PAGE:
Image-As for the gameplay, Judgment sticks to the tried-and-true formula of previous games.  It’s a third-person shooter with emphasis on using the game’s cover system to avoid the worst of the punishment being doled out by the Locust. Every new installment has brought with it new weapons and enemy types, and with this being a prequel, they actually justify the new stuff by saying the new stuff is left over from the UIR, the army that Paduk used to serve. Unlike Gears 3, however, the new weapons are actually really good, with a new kind of sniper rifle, a bolt-action rifile of sorts, a semi-automatic redesign of the Hammerburst, and a new grenade launcher. The fact that every one of these guns had me excited whenever I found them already puts them way ahead of the disappointments that came with Gears 3. In addition, new “Declassified Missions” have been added in campaign. They’re basically optional objectives that make the game a little harder in exchange for a higher yield of experience that can be used to unlock new modes and multiplayer characters.

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-The competitive multiplayer is relatively standard stuff. Playing Free for all mode is a bit of a joke, since the weapon system basically forces everyone to use the shotgun, but other modes allow more flexibility, and are actually pretty fun. It’s nothing too revolutionary, but fun nonetheless. On the co-op front, the entire campaign can be played with up to 4 people, and there are a couple new variants on the Gears mainstay Hoard mode to keep things feeling fresh.

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-Overall, Gears of War Judgment is a fun little game from a franchise that has lasted much longer than I thought it would. It’s hardly a masterpiece, but it’s a fun time with some badass guns and interesting enemies. 84/100

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Fable 3

Posted in Uncategorized with tags , , , , , , , , , , , , , on July 2, 2013 by caseystorton

Image-Allow me to preface the following entry by saying that I would most likely never have played Fable 3 had it not been free to Xbox Live gold members recently. That said, I stopped paying for Gold almost a year ago, so I used some other trickery to get the free game by other means. 

-The game starts you off having to choose whether to play as a man or a woman. Ever since the hilarious opportunity playing as a female afforded me in Fallout New Vegas, I’ve always chosen a female character in RPGs on the off-chance that the designers decided to leave a present for players that took the road less traveled. Anyway, after that you wake up from an apparently rough night of having sex with your dog (seriously, it kinda looks that way) and your butler kindly informers you that your brother, king of the land has been a massive jerk face for a while now. So after some slow, boring tutorials and walks around the castle, you escape with the butler and your old soldier friend. There’s some more bullshit later, but eventually you get to the meat of the game: earning the trust of influential people in the kingdom so you can raise an army to overthrow your brother. It’s not exactly riveting stuff, and the absence of any real characters other than your old friend Walter makes for a bland time to be had doing odd jobs for stupid villagers just to earn upgrade points.

Image-Now here’s where things start to suck. One of the more important aspects of an RPG in terms of immersion is the interface design. The player will never feel like the hero of Albion if they have to spend tons of time navigating ugly menus to try figuring out how to equip their new sword or change clothes or whatever. That said, Fable 3 might just have the worst interface I’ve ever seen. Rather than a simple menu system, Fable 3 has a “Sanctuary,” basically a room with different doors that represent your weapon stash, clothing stash, map, story progress, options menu, and Xbox live store. It’s a mess, and having to physically walk around in what is basically a 3D menu just feels stupid and clumsy.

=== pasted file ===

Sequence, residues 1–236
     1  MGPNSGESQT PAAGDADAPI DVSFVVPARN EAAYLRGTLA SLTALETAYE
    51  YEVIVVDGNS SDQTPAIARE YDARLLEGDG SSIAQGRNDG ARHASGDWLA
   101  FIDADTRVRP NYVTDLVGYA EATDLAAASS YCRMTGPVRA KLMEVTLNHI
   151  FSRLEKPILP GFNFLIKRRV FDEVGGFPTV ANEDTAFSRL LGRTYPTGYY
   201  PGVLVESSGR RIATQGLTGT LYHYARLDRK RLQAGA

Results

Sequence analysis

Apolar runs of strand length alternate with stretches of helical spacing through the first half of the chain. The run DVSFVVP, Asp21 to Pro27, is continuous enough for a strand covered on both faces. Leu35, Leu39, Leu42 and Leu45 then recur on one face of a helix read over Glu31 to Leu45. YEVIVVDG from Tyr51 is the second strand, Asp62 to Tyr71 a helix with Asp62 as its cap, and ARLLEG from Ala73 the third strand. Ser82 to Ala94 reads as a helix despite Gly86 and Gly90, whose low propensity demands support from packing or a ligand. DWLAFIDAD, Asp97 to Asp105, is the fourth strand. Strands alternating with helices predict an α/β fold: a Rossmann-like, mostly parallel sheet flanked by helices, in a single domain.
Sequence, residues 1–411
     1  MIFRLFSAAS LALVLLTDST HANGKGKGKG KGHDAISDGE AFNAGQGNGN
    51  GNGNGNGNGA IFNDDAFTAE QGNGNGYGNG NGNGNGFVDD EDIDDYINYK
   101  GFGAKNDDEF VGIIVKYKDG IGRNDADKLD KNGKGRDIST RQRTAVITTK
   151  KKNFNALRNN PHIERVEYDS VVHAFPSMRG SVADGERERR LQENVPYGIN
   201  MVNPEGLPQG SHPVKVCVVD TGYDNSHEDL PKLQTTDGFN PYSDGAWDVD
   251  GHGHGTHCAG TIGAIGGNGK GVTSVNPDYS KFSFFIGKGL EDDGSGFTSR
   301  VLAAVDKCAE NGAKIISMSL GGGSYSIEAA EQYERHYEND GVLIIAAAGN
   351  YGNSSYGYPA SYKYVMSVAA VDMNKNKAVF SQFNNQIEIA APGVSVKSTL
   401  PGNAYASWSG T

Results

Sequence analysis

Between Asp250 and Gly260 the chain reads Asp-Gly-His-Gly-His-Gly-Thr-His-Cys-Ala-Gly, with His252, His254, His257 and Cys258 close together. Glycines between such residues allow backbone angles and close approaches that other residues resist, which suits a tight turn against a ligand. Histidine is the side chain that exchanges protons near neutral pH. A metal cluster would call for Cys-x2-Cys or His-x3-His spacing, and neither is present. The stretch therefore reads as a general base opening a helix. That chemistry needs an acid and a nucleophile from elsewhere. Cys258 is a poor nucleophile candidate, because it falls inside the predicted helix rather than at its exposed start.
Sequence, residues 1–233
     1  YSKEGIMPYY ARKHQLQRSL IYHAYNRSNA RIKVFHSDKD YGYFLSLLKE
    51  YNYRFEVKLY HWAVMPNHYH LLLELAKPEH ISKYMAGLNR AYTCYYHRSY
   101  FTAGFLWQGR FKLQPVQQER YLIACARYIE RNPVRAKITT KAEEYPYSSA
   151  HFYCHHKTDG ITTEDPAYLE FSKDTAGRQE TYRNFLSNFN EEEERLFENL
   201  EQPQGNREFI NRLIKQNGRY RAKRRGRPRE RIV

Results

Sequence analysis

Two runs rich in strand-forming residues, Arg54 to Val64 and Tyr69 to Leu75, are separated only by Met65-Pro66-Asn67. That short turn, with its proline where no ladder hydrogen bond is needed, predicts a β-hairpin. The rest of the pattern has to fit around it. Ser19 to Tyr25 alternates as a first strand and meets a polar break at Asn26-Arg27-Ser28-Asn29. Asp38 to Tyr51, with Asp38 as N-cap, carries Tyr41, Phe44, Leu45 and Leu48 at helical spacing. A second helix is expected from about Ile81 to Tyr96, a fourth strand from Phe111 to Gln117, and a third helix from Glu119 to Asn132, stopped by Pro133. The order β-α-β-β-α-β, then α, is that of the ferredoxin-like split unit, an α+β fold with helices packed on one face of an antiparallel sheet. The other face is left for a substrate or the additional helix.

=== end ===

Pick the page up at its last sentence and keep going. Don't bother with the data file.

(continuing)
Image-Then there’s the combat. Dear lord, the combat. Let’s pause for a bit and discuss the role that difficulty has on a game. A game needs to present at least a minor bit of challenge in order for the player to feel engaged. If a game is too easy, the player will feel as though the game is a waste of their time, more of a chore than an actual game, so to speak. With that said, Fable 3 might just be the easiest game I’ve ever played. In my  entire time playing, I never once died. Hell, I never even used a health potion, or any of those other weird potions that the games puts in to help you with the hilariously easy combat. Melee fighting is a load of shit, with overly defensive enemies not so much making the fight harder as much as drawing it out, so you’re left with guns and magic. Both guns and magic allow you to blast enemies from across the screen with unblockable attacks, and it makes combat feel more like an obligation than an enjoyable experience.

Image-One last thing that I need to mention. The system by which you earn money is the most hilariously exploitable thing I’ve played in a long time. Some background: after you get enough friends, you lead a daring assault on the castle to overthrow your brother. After destroying most of a town in the battle, your brother simple gives you control and lets you become ruler of Albion. Oh, by the way, this big evil monster thing will show up one year from today to destroy the kingdom, and I was acting like a dick so I could save money for an army to fight it off. Now you have to choose between spending the castle’s treasury on keeping people happy only to have them all die in a year, or breaking your promises and making life shit for another year so that you can save all of their lives. These two options are rather stupidly referred  to as “good” and “evil” respectively. That said, you can save everyone and still get the good ending. How, you may ask? Well, the best way to get money is to rent property and own stores which pay out to you every five minutes of real time. The countdown to apocalypse only ticks in between story missions, so basically buy all the best stores and houses, then leave the game running for several hours while you let the money pour on in. I mostly just did this to gain the satisfaction of giving a big fat middle finger to the designers that came up with this stupid “good and evil” nonsense.

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-Basically, Fable 3 is a massive waste of time. The story is dull, the combat is way too easy, and the overall execution can best be described as lazy. Even if it is still free, your time is too valuable to be wasted on something this pointless. 34/100